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Sri Lankan team in World Cup 2007

England needed 236 to win on a batting track and they were clear favourites. England lost their first two wickets for just 11 runs. Then Kevin Pietersen (58) joined Ian Bell (47) in the middle and they had a 90-run partnership. England lost their next 4 wickets for just 32 runs. England were now 133/5. Ravi Bopara (52) and Paul Nixon (42) held the England innings together. They added 83 runs and took England 16 runs away from victory.

Nixon fell in the 49th over. England needed 16 runs off 7 balls with Bopara still out there. Dilhara Fernando bowled the final over with 12 runs to defend. He gave away seven runs off the first three deliveries. With England needing 5 off 3, both the batsmen got a single each. Bopara needed to score three off the final ball to win. Instead, he was cleaned up by Fernando and England lost by two runs.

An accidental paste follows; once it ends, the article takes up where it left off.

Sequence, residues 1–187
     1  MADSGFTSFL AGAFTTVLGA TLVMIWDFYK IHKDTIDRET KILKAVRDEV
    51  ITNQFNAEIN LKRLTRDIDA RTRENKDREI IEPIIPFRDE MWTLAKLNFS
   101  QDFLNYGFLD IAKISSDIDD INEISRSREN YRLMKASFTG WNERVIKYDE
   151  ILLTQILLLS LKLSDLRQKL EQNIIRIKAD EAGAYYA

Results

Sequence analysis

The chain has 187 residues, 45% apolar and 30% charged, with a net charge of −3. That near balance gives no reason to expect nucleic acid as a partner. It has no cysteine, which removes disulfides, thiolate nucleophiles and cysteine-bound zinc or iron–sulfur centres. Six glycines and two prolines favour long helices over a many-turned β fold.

Sri Lanka won the match by 2 runs but Ravi Bopara was declared the Man of the Match for his brilliant 52 off 53 balls.

#6. Australia v India, Reliance World Cup 1987

India and Australia played the famous tied test a year ago at Chepauk. On 9 October 1987, India put the Aussies into bat. Australia got a good total of 270. David Boon (49) and Geoff Marsh (110) scored 110 for the first wicket before the former was out. Dean Jones joined Marsh at the crease and scored 39 sharing a partnership of 64 with the latter. Marsh began to score runs freely after Jones got out. Sharing a 54-run stand with Allan Border, the new batsman scored just 16.

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Australian team at the 1987 World Cup